Travel was dicey heading south on I-15. Lots of trucks and chunks of melting snow littered the highway. I drove for about 2 hours and then pulled over to sleep. Around 1:30 I eased back onto the Interstate. The goal was to take Hwy 20 to Panguitch, head down to Kanab and then cross over to Page. From there it would be pretty straight shot to Flagstaff and on into Phoenix. All I can say is that I’m glad I had a four wheel drive. Leaving I-15, I went left up into the mountains and it didn’t take long before I put the suburban into 4-hi and settled into a long night of driving. What struck me was the beauty of the sky, with no city lights to distract for miles and miles. The stars were diamonds that seemed ready to fall from space. The road was a serpentine pass, following the edges of night blackened drop offs…between fear, sea salt Pringles and an Arizona peach ice tea, I seemed to have no problem staying awake. Before I knew it, I was gassing up in Page and looking for a place to nap. Two hours of dozing and then I was hoping to hit Phoenix by noon.
Two events stand out to me on this day of travel. First, was a God whisper that slipped into my consciousness. Went something like this…Kevin, if you have to add any requirement to Grace, it’s not Grace anymore. That may not seem like a big deal to most but, for a boy/man raised in the heritage of adventism, it gave me a start. Nothing could be added to Grace. Nothing could be added to Grace. Nothing could be added to Grace…went though my mind for hours. For those who have chosen Christ, there is nothing to be done by you to receive that gift. A calm went through me and a confidence came over me that I had not experienced in a long time. This lead me to a second realization. A couple of years ago, God and I came to an understanding concerning what was next for my life. I had become the least of these ( jobs relinquished, debt accrued to show value because of jobs relinquished, character formation and family dynamics challenges…yada, yada, yada ) and in the pursuit of His will, a list had formed that was becoming an anchor around my heart. As I attempted to facilitate working through the list, moments and concepts from my past would resurface and progress seemed undeciferable. This day, I got to let go of the outcomes. I came to realize that the list of to do’s that would actually bless me ( actions I could take ), were not necessary to being blessed ( actions God would take ). All of the resistance, dissipated, and I started to gain emotive momentum again. God’s reminder that the only place I would ever find belonging was with Him hit home again. I was safe.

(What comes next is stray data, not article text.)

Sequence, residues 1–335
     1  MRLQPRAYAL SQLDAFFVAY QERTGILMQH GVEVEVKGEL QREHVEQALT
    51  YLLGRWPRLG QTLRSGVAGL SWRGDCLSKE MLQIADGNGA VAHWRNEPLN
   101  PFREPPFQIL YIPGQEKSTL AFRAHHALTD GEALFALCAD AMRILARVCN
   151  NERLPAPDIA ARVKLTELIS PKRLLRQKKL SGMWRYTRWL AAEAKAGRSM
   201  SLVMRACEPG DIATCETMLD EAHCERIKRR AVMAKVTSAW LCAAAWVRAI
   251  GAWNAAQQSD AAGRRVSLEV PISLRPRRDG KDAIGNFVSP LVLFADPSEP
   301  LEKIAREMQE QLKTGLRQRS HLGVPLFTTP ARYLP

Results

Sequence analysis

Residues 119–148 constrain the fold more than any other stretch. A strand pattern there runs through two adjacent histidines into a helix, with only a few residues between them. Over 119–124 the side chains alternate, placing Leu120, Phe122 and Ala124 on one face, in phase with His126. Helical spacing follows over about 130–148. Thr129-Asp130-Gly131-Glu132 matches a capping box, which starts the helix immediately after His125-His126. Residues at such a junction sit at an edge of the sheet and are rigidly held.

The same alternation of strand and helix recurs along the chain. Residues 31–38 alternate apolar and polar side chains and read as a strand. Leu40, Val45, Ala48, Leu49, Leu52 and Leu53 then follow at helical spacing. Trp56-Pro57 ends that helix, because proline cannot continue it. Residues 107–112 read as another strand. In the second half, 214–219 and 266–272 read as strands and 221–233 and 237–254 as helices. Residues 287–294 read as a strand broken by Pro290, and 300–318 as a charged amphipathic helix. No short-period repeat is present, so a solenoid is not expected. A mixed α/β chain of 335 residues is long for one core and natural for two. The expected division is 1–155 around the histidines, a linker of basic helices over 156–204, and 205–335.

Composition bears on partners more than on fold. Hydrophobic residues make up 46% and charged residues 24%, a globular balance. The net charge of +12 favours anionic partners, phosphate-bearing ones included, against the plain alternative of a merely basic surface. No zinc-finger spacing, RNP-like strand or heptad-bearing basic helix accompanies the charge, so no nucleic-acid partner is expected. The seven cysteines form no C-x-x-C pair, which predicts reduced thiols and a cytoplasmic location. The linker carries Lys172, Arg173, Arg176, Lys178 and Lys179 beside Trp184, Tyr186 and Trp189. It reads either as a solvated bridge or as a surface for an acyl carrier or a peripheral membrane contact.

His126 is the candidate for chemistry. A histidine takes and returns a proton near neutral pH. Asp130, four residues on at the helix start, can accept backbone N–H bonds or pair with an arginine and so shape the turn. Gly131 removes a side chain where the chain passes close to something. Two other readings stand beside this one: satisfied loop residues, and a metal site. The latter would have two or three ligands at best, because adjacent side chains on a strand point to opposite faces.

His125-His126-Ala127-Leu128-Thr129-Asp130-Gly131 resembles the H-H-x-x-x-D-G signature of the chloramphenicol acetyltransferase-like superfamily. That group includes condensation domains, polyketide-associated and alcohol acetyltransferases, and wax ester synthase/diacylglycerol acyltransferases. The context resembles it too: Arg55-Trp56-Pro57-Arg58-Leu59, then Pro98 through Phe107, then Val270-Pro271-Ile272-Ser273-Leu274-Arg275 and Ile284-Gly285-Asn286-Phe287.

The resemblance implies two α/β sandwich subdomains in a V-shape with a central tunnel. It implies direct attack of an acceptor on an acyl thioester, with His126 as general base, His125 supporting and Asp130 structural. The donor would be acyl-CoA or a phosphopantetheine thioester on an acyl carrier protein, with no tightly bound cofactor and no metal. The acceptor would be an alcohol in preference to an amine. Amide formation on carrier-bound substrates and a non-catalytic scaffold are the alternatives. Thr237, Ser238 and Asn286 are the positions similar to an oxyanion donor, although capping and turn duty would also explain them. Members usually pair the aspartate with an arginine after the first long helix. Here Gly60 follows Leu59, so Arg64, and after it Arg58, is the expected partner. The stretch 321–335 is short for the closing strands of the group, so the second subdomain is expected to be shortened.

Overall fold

Dan and Ricci Wright live in Glendale, AZ. Ricci and my wife, Shelle, are sisters. I have been related for over thirty years, but more than that,they are some of my best friends. They have helped fund Inner Anvil for over 15 years, supported musicians that I have been working with, housed numerous road trip, travel friends of mine, up to 20 at a time, etc….. and I always look forward to spending moments in their gracious hospitality. The sheets are clean, the food is fresh and the dialogue refreshing. Who could ask for more? No one is home when I arrive and I’ve forgotten where the spare key is. So, I crash on a chaise lounge couch near the back door with their dogs snuggled up for warmth. Ricci shows up within an hour and I grab some grub and we chat.
Ricci and Dan are that unique combination of richly spiritual and worldly engaged. Ricci plays worship at Arizona Worship Center once a month or so. If you are so lucky to attend during one of her weeks you will find some of Phoenix finest musicians sitting in. She has spent 20 years investing in the local talent, creating a model for jazz, contemporary worship that you seldom find in a church any size…and Dan is her biggest fan. That night we had plans to go to dinner with Duff Gorle and Bob McGhee. Bob, is a friend from college and Duff, is a mentor that I’ve worked with, off and on, since 1982. Duff ended up having to cancel, but Bob, Ricci, Dan and I sat down and shared an hour or two walking through Arizona Adventist politics, family life and the One Conference, which was starting the next day in San Diego.
The One Conference is amazing. It was my second engagement. Two years earlier I sat between Pastor Jon Ciccarelli and God man, Don Veverka ( certainly not implying that Jon isn’t a God man as well ), and listened to a series of young Adventist pastors share such rich insight into the Sermon on the Mount. It was a vision of God’s heart that reminded me of what I had loved about being an adventist…insightful, open, asking hard questions. It was enough to bring me back for another dose. This time it was on Revelation and I was curious whether the young guns would process differently, because Adventists have a pretty unique view on this book. I missed having Don and Jon there because of their insight and support. ( For those of you unfamiliar with my Oregon Adventist relationship, the shifting sands of politics helped me move into non-denominational work. I am now working on driving Lyft and investing in peoples lives via my non-profit, Inner Anvil Ministries. Any questions, reach out and we’ll do coffee. )